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FEEDBACK


Table of Contents:

I. What is feedback?
II. Why is feedback beneficial?
III. How often and when should you use feedback?
IV. What are the teachers' and the students' roles?
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* B. Students role
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V. What are some Ground rules and tips for giving feedback?
VI. Bibliography and Additional readings
VII. Related links


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I. What is feedback?

  • A. According to Merriam-Webster, feedback is:
    • 1 : "the partial reversion of the effects of a process to its source or to a preceding stage"
    • 2 : "the transmission of evaluative or corrective information about an action, event, or process to the original or controlling source" (http://www.m-w.org/dictionary/feedback)

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  • B. Typology
    • 1. Recast.
      • a. Definition:
        • A recast is an instructor's rephrasing student's utterance, so that the utterance is correcin its grammatical form and-or its meaning.
      • b. Example:
        • S: "Yesterday I am sick, and I stay home."
        • T: "Yesterday I WAS sick, and I STAYED home."
    • 2. Error correction.
      • a. Definition:
        • Error correction refers to the assistance provided by either expert, peer, or self, with reference to any shortcomings on the part of a second language student in the target language. It can be oral, written, or non-verbal.
      • b. Example:
        • S: "Yesterday I am sick, and I stay home."
        • T: "Yesterday I WAS sick, and I STAYED home. Remember, we're trying to create sentences in the past tense, not the present."
    • 3. Self correction.
      • a. Definition:
        • Self correction is the correction or compensation of the mistakes/errors made by oneself.
      • b. Example:
        • One example of self correction may be a student figuring out on his own which errors necessitate correction based on input/hints provided by an instructor, without that instructor actually doing the correcting. It appears to be scaffolding within the realm of learning how to recognize and remedy one's own errors through expert assistance. One article covering self correction is by Taka-Yoshi Makino (1993).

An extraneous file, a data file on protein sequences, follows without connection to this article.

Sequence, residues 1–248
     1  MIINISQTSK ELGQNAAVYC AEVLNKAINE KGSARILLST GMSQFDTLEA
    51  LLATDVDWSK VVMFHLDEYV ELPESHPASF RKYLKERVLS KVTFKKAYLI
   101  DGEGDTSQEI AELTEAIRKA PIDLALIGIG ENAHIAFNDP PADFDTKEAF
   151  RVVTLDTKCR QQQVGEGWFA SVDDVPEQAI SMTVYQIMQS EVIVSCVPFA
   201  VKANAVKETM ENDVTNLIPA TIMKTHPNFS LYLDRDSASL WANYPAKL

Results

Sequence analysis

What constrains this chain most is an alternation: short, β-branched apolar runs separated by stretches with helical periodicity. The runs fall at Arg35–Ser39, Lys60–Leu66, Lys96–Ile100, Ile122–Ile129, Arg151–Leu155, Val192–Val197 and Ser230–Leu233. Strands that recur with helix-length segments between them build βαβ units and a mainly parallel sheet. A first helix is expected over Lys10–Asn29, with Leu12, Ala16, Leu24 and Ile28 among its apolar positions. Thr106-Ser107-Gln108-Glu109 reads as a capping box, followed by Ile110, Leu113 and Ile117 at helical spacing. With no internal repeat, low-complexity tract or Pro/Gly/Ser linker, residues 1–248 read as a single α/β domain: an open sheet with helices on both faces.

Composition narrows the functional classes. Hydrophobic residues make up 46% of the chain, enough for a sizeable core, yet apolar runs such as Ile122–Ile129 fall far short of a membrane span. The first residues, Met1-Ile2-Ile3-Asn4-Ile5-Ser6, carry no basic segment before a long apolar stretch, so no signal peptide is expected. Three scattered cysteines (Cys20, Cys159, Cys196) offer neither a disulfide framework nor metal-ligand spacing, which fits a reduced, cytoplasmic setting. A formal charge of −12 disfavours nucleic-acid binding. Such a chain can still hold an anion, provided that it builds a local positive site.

• 4. Positive feedback.
      • a. Definition:
        • Positive feedback encourages a student to repeat and/or expand upon a given contribution in the target language. It is very similar to what psychologists would refer to as a positive reinforcer.
      • b. Example:
        • T: "What is today's date?"
        • S: "Today is Tuesday, October 31."
        • T: "Very good! And which year?"
        • S: "2006."
        • T: "Great job!"
    • 5. Negative feedback.
      • a. Definition:
        • Negative feedback, according to Merriam Webster, is "feedback that tends to dampen a process by applying the output against the initial conditions."
      • b. Example:
        • S: "Last weekend I go to movies and write paper for class."
        • T: "No, that's not exactly how we would say that. Listen, Last weekend I went to the movies, and I also wrote a paper for class."
        • The Teacher might follow this recasting with an explanation of past tense verbs as well as definite and indefinite articles if the student's language doesn't have them, as this example suggests.
    • 6. Informational and/or motivational feedback.
      • a. Definition:
        • “Informational feedback corrects errors that the learner commits. Motivational feedback motivates the learner to try harder. Informational feedback should always be motivating, but motivational feedback does not always provide information.”
      • b. Example:
        • A smile or a word of encouragement.

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II. Why is feedback beneficial?

  • A. For teachers.
    • Teachers benefit from feedback because it (hopefully) motivates their students to continue learning and acquire more and more language skills, based on the responses from the instructor. As a result, teachers may feel more satisfaction in their task of instructing less experienced language learners and users.
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  • B. For students.
    • Feedback allows students to progress from one plane to another in their language learning. Without feedback, students may not have a sufficient understanding of what they are achieving successfully and which areas still require more attention.

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III. How often and when should you use feedback?


  • A. Frequency.
    • Frequency means how often a teacher should correct a student, and if a teacher should correct every single mistake or only the most important errors? To answer this, we make a difference between beginner and advanced learners.